Wow, this topic is difficult, the old adage, Interpretation, Interpretation, Interpretation rings in my ears! I have no wonderful conclusion, for we humans often hide behind God to validate our actions, so if we lived in that age we very well might have engaged in the common warfare of slaughter used by all the ANE peoples, which raises the question, do we have the right to condemn those of that age and their interpretation of what God was directing them to do? In the recording of the Conquest we do see that the people of Israel seemed to tire of slaughtering and often just demanded subjugation of the conquered people, but then that seemed to be interpreted as disobedience. I think God could have used any of the above methods mentioned to have brought about the elimination of a people, which it appears he has done time and time again, if we attribute the weather, earth quakes, Tsunami’s, blight, drought, famine, etc. to the Sovereignty of God. Historically mankind was pretty vicious toward one another but if these ancients were correct in their interpretation of God’s will that Israel do this act of genocide, which we find reprehensible, we must also remember it’s the same God who loved this world so much as to send his only begotten son into this world to redeem it, reconcile us to him so that we can today, here and now, walk in his love one toward another, perhaps that should be our focus, we can’t justify the history, but it’s now up to us to carry on the mission of Jesus Christ, and how are we doing with that? Carol (ReviC)
I give us a C+ currently. Jesus competed His mission, and left us with the New Covenant and a perfect example of how to live our lives, regardless of what nature and humanity throws at us. Humanity has not let go of the Old Covenant and still uses it to justify attitudes like xenophobia and homophobia instead of the Love Jesus taught. We are a long way from loving our enemies (Matt 5:44) and from stop finding ways to create new ones.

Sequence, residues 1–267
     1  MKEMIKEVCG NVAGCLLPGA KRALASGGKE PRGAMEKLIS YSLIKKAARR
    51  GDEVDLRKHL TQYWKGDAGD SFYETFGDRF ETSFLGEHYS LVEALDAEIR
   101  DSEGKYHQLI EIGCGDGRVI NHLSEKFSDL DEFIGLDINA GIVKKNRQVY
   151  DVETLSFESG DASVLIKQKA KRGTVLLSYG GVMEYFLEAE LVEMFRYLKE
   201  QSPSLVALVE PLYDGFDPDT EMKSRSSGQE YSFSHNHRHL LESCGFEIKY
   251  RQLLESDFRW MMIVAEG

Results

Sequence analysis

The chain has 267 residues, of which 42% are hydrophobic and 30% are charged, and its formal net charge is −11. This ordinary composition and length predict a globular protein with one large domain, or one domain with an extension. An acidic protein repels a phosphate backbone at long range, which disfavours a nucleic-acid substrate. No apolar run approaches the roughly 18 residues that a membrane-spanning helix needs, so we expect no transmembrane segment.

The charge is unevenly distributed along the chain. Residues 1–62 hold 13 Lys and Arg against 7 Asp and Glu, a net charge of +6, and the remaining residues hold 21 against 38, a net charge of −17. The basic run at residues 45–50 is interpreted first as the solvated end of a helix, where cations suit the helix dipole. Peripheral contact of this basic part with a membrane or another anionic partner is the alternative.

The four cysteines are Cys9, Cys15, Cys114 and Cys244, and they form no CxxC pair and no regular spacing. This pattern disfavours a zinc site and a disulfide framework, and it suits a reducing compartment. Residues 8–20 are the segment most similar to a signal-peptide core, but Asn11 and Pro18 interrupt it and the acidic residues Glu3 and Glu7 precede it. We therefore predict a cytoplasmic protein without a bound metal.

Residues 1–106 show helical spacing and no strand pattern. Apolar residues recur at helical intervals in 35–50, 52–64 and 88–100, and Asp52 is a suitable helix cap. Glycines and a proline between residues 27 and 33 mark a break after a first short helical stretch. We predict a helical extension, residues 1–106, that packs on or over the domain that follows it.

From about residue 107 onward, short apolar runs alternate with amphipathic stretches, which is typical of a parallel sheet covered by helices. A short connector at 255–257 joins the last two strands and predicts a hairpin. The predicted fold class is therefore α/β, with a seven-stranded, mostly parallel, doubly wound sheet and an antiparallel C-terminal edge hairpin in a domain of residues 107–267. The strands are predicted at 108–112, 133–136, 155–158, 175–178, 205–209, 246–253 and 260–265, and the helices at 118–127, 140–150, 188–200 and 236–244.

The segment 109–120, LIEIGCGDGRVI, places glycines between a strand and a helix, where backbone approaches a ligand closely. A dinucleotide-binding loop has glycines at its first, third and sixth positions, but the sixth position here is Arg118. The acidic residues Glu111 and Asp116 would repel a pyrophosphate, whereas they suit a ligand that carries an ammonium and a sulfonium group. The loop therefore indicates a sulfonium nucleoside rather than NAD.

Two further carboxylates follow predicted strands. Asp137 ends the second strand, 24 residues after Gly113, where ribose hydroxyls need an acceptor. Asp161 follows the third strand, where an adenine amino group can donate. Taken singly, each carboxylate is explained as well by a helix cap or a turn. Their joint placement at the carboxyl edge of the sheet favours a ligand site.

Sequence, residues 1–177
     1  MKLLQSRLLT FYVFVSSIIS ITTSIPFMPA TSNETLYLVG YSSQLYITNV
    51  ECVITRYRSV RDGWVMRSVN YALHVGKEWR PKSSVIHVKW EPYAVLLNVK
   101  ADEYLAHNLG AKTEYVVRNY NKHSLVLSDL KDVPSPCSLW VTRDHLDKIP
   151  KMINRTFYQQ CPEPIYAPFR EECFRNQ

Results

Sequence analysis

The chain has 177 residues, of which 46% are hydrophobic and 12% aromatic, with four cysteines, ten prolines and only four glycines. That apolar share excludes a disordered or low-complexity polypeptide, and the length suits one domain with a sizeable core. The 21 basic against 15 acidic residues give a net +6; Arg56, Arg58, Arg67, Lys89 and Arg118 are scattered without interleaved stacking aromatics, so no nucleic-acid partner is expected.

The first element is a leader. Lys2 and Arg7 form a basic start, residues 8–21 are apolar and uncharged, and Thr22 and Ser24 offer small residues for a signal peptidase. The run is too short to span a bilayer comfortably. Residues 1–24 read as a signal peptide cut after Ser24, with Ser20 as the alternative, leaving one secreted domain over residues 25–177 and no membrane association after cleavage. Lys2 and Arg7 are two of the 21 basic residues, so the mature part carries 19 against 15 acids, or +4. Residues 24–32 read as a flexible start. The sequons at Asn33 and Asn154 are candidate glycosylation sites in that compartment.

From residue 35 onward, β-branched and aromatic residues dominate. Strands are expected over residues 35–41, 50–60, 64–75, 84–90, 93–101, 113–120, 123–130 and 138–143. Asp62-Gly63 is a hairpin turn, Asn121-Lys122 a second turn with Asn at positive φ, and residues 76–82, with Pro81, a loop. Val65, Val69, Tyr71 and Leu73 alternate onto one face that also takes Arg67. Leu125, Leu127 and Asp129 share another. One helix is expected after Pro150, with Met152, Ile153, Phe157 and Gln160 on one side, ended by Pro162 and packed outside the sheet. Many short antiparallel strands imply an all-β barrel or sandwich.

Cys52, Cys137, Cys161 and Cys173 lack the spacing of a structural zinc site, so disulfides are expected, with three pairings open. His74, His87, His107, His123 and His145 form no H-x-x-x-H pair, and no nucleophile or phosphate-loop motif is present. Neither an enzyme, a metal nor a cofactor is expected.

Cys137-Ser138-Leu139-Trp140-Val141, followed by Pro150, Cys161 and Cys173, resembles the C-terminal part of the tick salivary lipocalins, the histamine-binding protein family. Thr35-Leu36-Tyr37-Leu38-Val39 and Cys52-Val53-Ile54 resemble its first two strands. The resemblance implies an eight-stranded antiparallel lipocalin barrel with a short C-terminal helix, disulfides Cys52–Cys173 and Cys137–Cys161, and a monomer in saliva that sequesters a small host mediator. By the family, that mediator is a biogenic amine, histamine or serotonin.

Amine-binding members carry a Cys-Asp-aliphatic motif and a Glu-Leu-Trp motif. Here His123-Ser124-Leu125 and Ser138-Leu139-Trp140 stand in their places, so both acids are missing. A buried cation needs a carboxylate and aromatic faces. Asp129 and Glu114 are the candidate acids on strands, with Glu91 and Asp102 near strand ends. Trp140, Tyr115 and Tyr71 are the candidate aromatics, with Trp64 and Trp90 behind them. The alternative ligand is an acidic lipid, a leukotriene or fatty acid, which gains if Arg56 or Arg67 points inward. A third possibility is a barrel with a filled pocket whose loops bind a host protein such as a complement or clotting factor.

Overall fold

@Daniel_Fisher, thanks for your patience. Like you, I have been too busy to give your message the time it deserves. We also lost our water from a well problem this week, which alters time constraints a bit! I plan on a response. Thank you for the discussion.
Thank you for your note. I have been thinking about this. I certainly agree that I do do bad things. My children do, too. However, that does not, to my mind, justify such terrible things as occur in the OT.
It’s frequently (in Christian fundamentalist circles) asserted that God says there is none righteous, no, not one; and that we (like David) sin from conception. But from my understanding, there are 3 points against this understanding:
The Jews frequently talked of the righteous. God often promises good to the righteous in Psalms and Proverbs, for example.
The reference for “none righteous” leads in from a discussion of looking for those who follow righteousness among the foolish ones–thus, I think (I may be wrong here) God is looking for the righteous among the group of the foolish–frequently a tribal delineation.
“In sin my mother conceived me” is again a specific hyperbole, when David weeps over his sin with Bathsheba–when he committed sin in conceiving someone in adultery and had her husband killed.
To move on–Paul’s intent was somewhat hyperbole in Romans as well. He knew that the Jews did not rely on works to get God’s salvation; it was their seal of the covenant, but they, since the beginning (before Moses), relied, as Gentiles do, on mercy. Thus, he was arguing against circumcision or the forcing of Judaizing laws on the Gentiles that joined the Roman church.
Thus, today’s preachers say, almost with a gnostic flourish, that we are all evil from conception. Either we bear the imprint of Adam (a genetic or genealogic fallacy) and possess an evil nature that would take us to Hell; or even the smallest sin would put us in Hell for eternity, because God can’t stand any evil at all.